U.S. Secretary of State Rex Tillerson speaks during a news conference with Russian Foreign Minister Sergei Lavrov following their talks in Moscow, Russia, April 12, 2017. REUTERS/Sergei Karpukhin - RTX35AIG
Secretary of State Rex Tillerson ratcheted up criticism Wednesday of the Obama-era nuclear deal with Iran, publicly confirming the Trump administration is conducting a “comprehensive review” and declaring they have “no intention of passing the buck.”
In some of his toughest language yet, Tillerson said at a brief press conference that the Iran deal “fails to achieve the objective of a non-nuclear Iran,” and only delays it becoming a nuclear state.
He faulted the agreement for “buying off” a foreign power with nuclear ambitions, saying: “We just don’t see that that’s a prudent way to be dealing with Iran.”
The statement comes after he said in a letter to House Speaker Paul Ryan, R-Wis, that the administration has undertaken a full review of the agreement to evaluate whether continued sanctions relief is in the best interest of the U.S.
In the same notification, the administration said Iran is complying with the landmark nuclear deal negotiated by former President Obama, and the U.S. has extended sanctions relief to Tehran in exchange for curbs on its atomic program.
But Tillerson noted in his letter, and repeated during his appearance Wednesday, that Iran continues to foment violence around the world.
“Iran spends its treasure and time disrupting peace,” he said Wednesday. “Iran’s nuclear ambitions are a grave risk to international peace and security.”
While not saying definitively whether the administration is inclined to uphold or scrap the deal, Tillerson said they will meet the challenge of Iran with “clarity and conviction” once the review is done.
“The Trump administration has no intention of passing the buck to a future administration on Iran,” he said, claiming the deal represents the “failed approach” of the past.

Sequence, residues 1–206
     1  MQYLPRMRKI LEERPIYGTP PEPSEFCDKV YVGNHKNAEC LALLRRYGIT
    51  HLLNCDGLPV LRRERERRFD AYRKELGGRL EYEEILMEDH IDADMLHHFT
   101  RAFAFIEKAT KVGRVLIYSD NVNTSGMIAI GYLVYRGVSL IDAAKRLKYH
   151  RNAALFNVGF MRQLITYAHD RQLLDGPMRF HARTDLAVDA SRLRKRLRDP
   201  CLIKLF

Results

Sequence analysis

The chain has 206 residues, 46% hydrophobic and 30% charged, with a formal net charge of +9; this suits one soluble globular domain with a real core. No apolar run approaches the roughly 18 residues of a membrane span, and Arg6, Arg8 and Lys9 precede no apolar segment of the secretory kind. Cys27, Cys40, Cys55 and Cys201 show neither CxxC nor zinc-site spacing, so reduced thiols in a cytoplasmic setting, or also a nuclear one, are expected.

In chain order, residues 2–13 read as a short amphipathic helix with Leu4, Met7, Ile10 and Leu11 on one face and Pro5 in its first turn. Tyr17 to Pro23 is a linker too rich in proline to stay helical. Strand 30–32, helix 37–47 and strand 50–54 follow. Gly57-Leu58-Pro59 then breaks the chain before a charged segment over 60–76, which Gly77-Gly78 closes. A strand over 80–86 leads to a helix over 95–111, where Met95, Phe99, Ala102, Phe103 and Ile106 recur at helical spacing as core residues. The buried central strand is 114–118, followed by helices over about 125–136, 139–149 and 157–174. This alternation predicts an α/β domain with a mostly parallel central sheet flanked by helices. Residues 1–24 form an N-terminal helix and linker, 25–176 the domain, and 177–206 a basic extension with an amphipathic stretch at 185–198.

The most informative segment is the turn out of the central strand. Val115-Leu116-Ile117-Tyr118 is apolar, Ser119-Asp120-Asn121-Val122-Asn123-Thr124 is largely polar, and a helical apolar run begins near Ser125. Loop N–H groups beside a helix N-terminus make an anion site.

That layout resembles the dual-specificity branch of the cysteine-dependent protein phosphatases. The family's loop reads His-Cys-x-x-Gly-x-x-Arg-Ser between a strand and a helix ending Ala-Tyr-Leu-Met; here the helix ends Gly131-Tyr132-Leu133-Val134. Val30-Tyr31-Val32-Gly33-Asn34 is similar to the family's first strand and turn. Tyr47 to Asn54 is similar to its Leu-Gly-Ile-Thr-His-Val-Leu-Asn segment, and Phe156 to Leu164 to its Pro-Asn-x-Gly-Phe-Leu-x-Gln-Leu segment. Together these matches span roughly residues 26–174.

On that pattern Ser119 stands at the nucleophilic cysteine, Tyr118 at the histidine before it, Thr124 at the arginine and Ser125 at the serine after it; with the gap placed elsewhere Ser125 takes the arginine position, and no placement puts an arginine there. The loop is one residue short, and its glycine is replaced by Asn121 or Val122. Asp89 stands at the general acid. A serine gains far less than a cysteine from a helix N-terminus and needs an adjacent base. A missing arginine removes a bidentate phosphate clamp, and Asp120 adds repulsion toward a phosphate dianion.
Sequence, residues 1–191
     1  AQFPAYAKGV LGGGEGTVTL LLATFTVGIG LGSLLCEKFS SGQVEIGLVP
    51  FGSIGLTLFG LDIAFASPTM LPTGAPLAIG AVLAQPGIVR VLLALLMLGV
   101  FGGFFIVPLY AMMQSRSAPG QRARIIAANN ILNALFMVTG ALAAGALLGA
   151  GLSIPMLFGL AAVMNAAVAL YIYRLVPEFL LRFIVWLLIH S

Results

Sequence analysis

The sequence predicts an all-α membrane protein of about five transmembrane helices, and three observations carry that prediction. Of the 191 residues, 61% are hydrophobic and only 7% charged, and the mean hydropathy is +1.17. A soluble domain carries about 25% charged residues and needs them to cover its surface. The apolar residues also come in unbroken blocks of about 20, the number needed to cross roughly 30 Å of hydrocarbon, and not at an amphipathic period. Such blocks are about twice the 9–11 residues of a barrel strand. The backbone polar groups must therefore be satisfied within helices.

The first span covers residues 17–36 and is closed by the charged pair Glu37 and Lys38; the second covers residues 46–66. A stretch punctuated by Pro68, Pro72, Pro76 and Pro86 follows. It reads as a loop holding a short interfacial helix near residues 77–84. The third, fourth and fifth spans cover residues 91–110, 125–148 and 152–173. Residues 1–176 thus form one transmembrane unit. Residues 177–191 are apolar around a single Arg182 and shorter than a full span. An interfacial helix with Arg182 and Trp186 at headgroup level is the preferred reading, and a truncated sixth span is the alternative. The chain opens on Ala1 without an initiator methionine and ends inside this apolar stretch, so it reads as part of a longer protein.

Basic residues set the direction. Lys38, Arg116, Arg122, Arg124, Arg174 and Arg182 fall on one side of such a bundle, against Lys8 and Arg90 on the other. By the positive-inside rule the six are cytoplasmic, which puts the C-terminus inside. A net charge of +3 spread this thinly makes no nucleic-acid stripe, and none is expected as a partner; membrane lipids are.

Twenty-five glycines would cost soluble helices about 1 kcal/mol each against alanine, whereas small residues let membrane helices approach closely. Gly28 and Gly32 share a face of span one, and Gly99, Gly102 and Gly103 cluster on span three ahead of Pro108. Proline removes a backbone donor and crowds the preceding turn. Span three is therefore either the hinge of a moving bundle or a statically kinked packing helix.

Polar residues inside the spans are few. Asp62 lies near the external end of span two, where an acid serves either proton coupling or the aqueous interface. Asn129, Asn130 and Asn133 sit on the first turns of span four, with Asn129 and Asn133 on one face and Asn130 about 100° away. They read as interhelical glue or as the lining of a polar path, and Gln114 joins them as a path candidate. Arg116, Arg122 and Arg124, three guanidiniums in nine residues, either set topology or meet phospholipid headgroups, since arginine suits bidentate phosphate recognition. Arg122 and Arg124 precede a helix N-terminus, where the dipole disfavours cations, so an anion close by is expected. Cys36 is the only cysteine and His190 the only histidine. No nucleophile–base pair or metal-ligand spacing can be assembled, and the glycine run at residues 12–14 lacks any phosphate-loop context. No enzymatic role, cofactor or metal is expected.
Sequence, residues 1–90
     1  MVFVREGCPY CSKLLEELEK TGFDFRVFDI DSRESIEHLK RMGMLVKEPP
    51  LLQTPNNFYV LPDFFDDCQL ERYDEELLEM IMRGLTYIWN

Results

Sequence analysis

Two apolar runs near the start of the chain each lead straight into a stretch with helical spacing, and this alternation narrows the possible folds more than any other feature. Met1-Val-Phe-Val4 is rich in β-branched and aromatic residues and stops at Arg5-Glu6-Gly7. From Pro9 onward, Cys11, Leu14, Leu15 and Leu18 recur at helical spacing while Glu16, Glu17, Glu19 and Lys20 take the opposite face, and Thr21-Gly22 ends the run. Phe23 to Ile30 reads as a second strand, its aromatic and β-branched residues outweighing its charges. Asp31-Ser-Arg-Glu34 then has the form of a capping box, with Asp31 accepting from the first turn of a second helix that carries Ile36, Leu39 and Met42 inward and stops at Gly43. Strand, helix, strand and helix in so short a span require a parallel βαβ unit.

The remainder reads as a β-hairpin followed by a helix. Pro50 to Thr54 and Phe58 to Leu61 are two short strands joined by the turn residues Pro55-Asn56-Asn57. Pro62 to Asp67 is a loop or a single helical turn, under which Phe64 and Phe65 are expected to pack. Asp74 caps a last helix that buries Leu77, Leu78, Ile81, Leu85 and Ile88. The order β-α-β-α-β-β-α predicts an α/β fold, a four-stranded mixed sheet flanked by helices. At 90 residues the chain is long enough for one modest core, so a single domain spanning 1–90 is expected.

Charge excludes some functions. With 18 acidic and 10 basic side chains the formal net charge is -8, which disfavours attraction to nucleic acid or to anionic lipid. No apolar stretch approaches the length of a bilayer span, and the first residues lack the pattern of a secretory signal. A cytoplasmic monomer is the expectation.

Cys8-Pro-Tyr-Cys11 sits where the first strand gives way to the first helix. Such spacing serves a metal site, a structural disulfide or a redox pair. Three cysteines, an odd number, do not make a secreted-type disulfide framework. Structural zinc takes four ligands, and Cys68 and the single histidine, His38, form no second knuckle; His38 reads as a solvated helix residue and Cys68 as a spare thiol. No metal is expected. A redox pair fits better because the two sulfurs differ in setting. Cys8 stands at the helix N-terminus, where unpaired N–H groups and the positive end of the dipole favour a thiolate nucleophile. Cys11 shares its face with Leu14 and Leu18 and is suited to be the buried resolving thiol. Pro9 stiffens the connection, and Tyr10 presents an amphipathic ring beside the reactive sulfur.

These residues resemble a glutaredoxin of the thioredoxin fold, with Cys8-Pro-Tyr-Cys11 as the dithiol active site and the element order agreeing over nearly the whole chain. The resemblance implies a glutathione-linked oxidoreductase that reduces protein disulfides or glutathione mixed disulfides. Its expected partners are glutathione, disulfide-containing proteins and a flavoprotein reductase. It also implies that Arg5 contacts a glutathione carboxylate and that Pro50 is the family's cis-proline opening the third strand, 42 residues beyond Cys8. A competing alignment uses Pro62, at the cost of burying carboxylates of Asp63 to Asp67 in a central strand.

Tillerson also likened Iran's behavior to that of North Korea. He said an unchecked Iran could pursue the same path as Pyongyang "and take the world along with it."
As a candidate in the 2016 presidential election, Donald Trump was an outspoken critic of the deal but had offered conflicting opinions on whether he would try to scrap it, modify it or keep it in place with more strenuous enforcement. Tuesday's determination suggested that while Trump agreed with findings by the U.N.'s nuclear watchdog, the International Atomic Energy Agency, that Iran is keeping to its end of the bargain, he is looking for another way to ratchet up pressure on Tehran.
The nuclear deal was sealed in Vienna in July 2015 after 18 months of negotiations led by former Secretary of State John Kerry and diplomats from the other four permanent members of the U.N. Security Council — Britain, China, France and Russia — and Germany. Under its terms, Iran agreed to curb its nuclear program, long suspected of being aimed at developing atomic weapons, in return for billions of dollars in sanctions relief.
The Associated Press contributed to this report.